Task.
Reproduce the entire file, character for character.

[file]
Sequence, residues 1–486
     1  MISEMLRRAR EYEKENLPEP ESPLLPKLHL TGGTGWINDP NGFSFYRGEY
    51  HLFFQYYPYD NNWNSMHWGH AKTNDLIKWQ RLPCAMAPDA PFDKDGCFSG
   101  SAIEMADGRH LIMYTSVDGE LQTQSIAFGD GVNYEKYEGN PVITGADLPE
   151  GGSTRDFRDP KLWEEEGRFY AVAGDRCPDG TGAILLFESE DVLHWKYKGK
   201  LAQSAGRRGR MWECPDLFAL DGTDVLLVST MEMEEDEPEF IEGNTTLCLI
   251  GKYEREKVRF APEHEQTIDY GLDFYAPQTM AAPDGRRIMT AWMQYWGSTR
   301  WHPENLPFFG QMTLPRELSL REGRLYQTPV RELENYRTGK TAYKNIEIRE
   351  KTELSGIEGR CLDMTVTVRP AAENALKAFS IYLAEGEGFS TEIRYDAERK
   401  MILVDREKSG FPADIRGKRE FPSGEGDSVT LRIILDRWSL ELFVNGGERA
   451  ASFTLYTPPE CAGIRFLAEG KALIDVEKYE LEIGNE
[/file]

Sequence, residues 1–486
     1  MISEMLRRAR EYEKENLPEP ESPLLPKLHL TGGTGWINDP NGFSFYRGEY
    51  HLFFQYYPYD NNWNSMHWGH AKTNDLIKWQ RLPCAMAPDA PFDKDGCFSG
   101  SAIEMADGRH LIMYTSVDGE LQTQSIAFGD GVNYEKYEGN PVITGADLPE
   151  GGSTRDFRDP KLWEEEGRFY AVAGDRCPDG TGAILLFESE DVLHWKYKGK
   201  LAQSAGRRGR MWECPDLFAL DGTDVLLVST MEMEEDEPEF IEGNTTLCLI
   251  GKYEREKVRF APEHEQTIDY GLDFYAPQTM AAPDGRRIMT AWMQYWGSTR
   301  WHPENLPFFG QMTLPRELSL REGRLYQTPV RELENYRTGK TAYKNIEIRE
   351  KTELSGIEGR CLDMTVTVRP AAENALKAFS IYLAEGEGFS TEIRYDAERK
   401  MILVDREKSG FPADIRGKRE FPSGEGDSVT LRIILDRWSL ELFVNGGERA
   451  ASFTLYTPPE CAGIRFLAEG KALIDVEKYE LEIGNE